He authored over 200 books on various aspects of yoga, Vedanta, spirituality, and self-help, which have been translated into multiple languages and continue to inspire and guide spiritual seekers around the world. Some of his well-known books include “The Science of Yoga,” “Bliss Divine,” and “Mind: Its Mysteries and Control.”

Swami Sivananda passed away on July 14, 1963, in Rishikesh, India, but his legacy continues to this day. His teachings, belief in the importance of selfless service (seva), and the practice of karma yoga (the yoga of selfless action) to spiritual growth continue through members of The Divine Life Society and other followers.


Madhavacharya, also known as Madhva, was a prominent Indian philosopher, theologian, and the founder of the Dvaita Vedanta school of philosophy. He was born in a village called Pajaka, near Udupi, in the present-day Indian state of Karnataka, during the 13th century.

From a young age, he showed a keen interest in spirituality, a deep reverence for Lord Krishna and his teachings often revolved around the worship and love of Lord Vishnu, particularly in His form as Krishna. He made significant contributions to the interpretation of Hindu scriptures and the philosophical understanding of the relationship between the individual soul and the ultimate reality.

His most significant contribution was the development of the Dvaita Vedanta philosophy, which emphasizes the eternal duality between the individual soul (Atman) and the ultimate reality (Brahman or Lord Vishnu). In this philosophy, the individual soul is seen as eternally distinct from the divine and dependent on the divine for liberation.

He wrote numerous philosophical works to support and expound upon the Dvaita Vedanta philosophy. Some of his most well-known texts include the “Dvaita Siddhanta” and the “Anuvyakhyana,” which are considered seminal in the Dvaita tradition.

Madhavacharya advocated bhakti (devotion) as the primary means for spiritual realization and salvation. His philosophy of Dvaita Vedanta stood in contrast to the Advaita Vedanta of Adi Shankaracharya. While Advaita Vedanta emphasizes the non-dual unity of the individual soul with the ultimate reality, Dvaita Vedanta stresses the eternal dualism and the eternal distinction between the two.

Madhavacharya’s contributions to Vedanta philosophy and his emphasis on devotion to Lord Krishna have had a profound and lasting impact on India’s religious and philosophical landscape.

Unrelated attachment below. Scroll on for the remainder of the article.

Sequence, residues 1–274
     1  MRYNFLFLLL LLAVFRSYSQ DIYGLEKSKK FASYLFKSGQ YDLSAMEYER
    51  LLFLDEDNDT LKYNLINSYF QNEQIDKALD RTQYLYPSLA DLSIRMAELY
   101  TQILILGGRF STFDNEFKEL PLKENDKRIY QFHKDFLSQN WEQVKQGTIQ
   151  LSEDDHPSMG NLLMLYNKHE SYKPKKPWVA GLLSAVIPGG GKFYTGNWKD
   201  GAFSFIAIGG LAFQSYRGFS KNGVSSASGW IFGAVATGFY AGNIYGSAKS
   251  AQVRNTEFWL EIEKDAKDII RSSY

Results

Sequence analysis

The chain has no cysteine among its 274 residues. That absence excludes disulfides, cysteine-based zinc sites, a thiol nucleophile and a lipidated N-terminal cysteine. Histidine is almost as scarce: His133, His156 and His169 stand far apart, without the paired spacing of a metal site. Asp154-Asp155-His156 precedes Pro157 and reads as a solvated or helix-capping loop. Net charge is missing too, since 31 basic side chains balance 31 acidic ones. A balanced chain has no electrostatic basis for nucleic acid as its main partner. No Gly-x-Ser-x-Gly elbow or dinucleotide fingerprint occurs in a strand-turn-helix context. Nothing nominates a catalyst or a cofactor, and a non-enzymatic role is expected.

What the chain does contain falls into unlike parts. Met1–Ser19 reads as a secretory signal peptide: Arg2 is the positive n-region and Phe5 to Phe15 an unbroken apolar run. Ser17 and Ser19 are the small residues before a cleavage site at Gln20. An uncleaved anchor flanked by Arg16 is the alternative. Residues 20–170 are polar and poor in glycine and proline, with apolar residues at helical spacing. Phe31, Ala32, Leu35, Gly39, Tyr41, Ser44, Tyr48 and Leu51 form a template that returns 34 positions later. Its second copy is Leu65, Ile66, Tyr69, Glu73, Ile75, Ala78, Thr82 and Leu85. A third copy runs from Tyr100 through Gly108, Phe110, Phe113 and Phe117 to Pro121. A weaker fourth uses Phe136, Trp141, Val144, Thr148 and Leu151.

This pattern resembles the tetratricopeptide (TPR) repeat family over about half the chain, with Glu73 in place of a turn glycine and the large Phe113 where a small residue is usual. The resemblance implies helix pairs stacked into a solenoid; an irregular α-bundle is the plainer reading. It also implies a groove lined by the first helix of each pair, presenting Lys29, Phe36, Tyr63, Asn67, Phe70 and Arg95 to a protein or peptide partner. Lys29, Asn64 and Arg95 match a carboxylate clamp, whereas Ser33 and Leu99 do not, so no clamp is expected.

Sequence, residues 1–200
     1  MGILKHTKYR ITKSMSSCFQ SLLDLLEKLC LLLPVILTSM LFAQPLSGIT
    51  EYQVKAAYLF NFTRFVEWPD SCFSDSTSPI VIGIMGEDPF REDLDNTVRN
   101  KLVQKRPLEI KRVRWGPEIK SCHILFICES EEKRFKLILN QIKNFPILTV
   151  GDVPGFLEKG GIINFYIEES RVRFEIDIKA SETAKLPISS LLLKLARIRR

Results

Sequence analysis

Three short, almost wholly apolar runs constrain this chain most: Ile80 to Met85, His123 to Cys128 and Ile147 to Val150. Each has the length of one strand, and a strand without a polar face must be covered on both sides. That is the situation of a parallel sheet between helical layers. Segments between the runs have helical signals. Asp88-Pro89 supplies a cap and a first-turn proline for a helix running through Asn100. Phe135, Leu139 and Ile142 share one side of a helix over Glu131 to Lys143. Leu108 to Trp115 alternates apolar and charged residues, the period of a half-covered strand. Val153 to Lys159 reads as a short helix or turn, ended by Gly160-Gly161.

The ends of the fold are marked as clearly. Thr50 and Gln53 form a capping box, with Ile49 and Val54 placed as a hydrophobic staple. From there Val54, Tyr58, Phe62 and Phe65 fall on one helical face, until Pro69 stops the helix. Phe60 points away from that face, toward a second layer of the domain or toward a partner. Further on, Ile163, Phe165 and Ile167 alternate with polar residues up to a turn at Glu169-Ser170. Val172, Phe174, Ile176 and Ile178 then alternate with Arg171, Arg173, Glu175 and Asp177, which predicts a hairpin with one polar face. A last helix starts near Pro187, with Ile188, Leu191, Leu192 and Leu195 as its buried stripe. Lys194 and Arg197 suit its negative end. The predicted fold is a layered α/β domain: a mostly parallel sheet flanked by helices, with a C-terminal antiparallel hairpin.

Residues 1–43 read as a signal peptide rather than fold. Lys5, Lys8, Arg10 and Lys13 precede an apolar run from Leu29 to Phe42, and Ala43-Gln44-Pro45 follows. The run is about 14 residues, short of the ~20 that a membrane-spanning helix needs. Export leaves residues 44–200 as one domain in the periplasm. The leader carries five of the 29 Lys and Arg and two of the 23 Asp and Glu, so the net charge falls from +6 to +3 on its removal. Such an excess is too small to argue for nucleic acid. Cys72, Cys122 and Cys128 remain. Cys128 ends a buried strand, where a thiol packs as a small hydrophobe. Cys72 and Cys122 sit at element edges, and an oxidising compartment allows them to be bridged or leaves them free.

Ramanuja, also known as Ramanuja Acharya, was a prominent Indian philosopher and theologian who lived during the 11th and 12th centuries. He is best known as the founder of the Vishishtadvaita Vedanta school of philosophy within Hinduism. While Swami Chinmayananda primarily advocated Advaita Vedanta, he occasionally referred to the ideas of Ramanuja and other Vedantic traditions for comparative analysis and understanding.

Ramanuja developed the Vishishtadvaita Vedanta philosophy, which is a non-dualistic system that emphasizes the oneness of the individual soul (Atman) with the ultimate reality (Brahman), but it also acknowledges that the individual soul retains its distinct identity. The term “Vishishtadvaita” means “qualified non-dualism,” signifying the unique position of the individual soul within the divine.
He authored several important works, including the “Sri Bhashya,” a commentary on the Brahma Sutras, and the “Gita Bhashya,” a commentary on the Bhagavad Gita. These texts are foundational to the Vishishtadvaita Vedanta tradition and provide a comprehensive exposition of his philosophical ideas.

His emphasis the path of bhakti (devotion) as the primary means to attain spiritual realization and union with the divine means Ramanuja played a crucial role in introducing reforms in temple worship and administration. He sought to make temple worship more inclusive, ensuring that people of all castes and social backgrounds had access to the divine and could participate in temple rituals. He believed that a loving and selfless devotion to Lord Vishnu, especially in His form as Lord Narayana, could lead to liberation and ultimate spiritual fulfillment.

Ramanuja’s philosophical system stood in contrast to the Advaita Vedanta of Adi Shankaracharya, which asserted absolute non-dualism, where the individual soul’s identity is ultimately merged with the absolute. Ramanuja’s Vishishtadvaita Vedanta upheld a concept of qualified dualism, stressing the eternal relationship of the individual soul with the divine.

Sage Patanjali

Swami Chinmayananda referenced the Yoga Sutras of Patanjali, which are foundational texts for the philosophy and practice of yoga, in discussions related to the science of self-realization and meditation.

Patanjali’s “Yoga Sutras” describe the eight limbs of yoga, which serve as a comprehensive framework for the practice of yoga. These eight limbs include principles such as ethical conduct (yamas and niyamas), physical postures (asanas), breath control (pranayama), and meditation (dhyana), among others. It also delves into the philosophy of yoga, particularly its metaphysical and epistemological aspects. He discusses the nature of the mind, the concept of purusha (the individual soul), and the role of prakriti (the material world) in shaping human experience.

His system of yoga is often referred to as Raja Yoga and it emphasizes the path of mental and spiritual control. It contrasts with Hatha Yoga, which focuses on physical postures and breath control.

Other inspirations

It’s important to note that Swami Chinmayananda’s teachings were deeply rooted in the principles of Vedanta, but he drew from a wide range of philosophical and spiritual sources. Not only did he read the words of the ones noted above, but Kabir, Rumi, and others to make his teachings accessible and relevant to a broad audience. His approach was inclusive and aimed at reaching people from diverse cultural and philosophical backgrounds.